?????So there's an interesting interface between two recent opinions. In Esposito v. Home Depot U.S.A., 590 F.3d 72 (1st Cir. Dec. 30, 2009) the panel consisted of Judges Lipez and Howard, and Chief District Court Judge Woodcock, visiting from Maine. The Court, with Judge Woodcock dissenting and Judge Lipez writing the majority opinion, held that it was an abuse of discretion for the trial judge to preclude an expert witness as a discovery sanction. Judge Woodcock's dissent was lengthy and heartfelt, explaining in detail how this sort of discretion is critical to a trial court's control of its docket and why there was no abuse in this case.
Time passes. On December 6, 2010 the First Circuit issues Harriman v. Hancock County, No. 09-2284, an appeal from a decision of Judge Woodcock's precluding two affidavits as a discovery sanction. The panel was Judges Torruella, Selya and Howard, opinion by Judge Howard, who, you will recall, sat on the Esposito panel.
In Harriman, the panel described Esposito as a "recherche" case. My dictionary says recherche means 1. uncommon; rare; 2. exquisite or choice; 3. overrefined; forced; 4. pretentious; overblown. Hmm.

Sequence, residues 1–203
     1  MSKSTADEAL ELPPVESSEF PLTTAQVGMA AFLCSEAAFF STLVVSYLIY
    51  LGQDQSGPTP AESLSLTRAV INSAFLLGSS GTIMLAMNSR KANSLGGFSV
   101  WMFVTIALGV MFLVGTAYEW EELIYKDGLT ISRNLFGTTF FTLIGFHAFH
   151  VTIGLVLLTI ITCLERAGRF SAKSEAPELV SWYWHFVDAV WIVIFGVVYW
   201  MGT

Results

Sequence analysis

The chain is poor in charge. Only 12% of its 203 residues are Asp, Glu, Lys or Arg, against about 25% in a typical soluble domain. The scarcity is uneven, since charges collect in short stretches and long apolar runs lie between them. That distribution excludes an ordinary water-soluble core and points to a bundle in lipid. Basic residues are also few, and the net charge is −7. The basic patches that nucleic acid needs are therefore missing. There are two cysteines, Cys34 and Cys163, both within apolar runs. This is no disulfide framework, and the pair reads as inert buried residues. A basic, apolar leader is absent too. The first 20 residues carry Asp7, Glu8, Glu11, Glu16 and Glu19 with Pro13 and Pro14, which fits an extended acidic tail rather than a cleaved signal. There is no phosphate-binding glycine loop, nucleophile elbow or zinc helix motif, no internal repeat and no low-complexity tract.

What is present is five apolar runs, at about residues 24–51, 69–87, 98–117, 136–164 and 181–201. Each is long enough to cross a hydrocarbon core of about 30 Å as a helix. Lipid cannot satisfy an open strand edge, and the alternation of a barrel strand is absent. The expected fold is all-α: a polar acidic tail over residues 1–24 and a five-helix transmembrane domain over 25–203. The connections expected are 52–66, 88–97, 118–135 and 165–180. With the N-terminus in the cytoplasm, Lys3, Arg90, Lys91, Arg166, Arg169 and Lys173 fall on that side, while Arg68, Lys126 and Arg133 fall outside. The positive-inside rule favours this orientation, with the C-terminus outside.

The panel noted that there had been "one judge dissenting" in Esposito, without noting that it was the trial judge in Harriman.
The distinguishing feature, according to the panel in Harriman, was that exclusion of the affidavits there did not obviously or automatically result in dismissal, the sanctioned party had missed other deadlines and ignored a warning, and the sanctioned party's actions "could be viewed as strategic." "None of these circumstances was present in Esposito," the Court said. Hmm. In the dissent in Esposito, Judge Woodcock noted the effect of the sanctioned party's non-disclosure on the sequential discovery process, which could lead to gaining unfair [strategic?] advantage in litigation.
Finally, the Harriman panel said: "we decline to expand Esposito's holding beyond its highly idiosyncratic facts."